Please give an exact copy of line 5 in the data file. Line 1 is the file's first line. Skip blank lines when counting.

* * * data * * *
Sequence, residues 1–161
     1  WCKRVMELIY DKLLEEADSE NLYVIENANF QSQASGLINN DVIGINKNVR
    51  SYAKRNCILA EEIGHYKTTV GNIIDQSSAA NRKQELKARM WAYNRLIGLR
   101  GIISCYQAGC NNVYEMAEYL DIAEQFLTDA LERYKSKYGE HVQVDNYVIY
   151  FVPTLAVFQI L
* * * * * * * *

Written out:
   151  FVPTLAVFQI L